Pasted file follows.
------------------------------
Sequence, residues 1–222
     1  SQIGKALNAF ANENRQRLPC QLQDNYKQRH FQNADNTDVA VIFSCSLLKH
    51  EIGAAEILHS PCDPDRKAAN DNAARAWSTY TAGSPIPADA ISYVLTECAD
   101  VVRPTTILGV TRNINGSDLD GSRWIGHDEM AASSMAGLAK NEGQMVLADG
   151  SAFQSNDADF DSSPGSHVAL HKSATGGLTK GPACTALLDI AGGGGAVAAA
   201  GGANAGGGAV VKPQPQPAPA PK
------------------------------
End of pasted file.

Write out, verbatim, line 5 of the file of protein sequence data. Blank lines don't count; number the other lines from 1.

   151  SAFQSNDADF DSSPGSHVAL HKSATGGLTK GPACTALLDI AGGGGAVAAA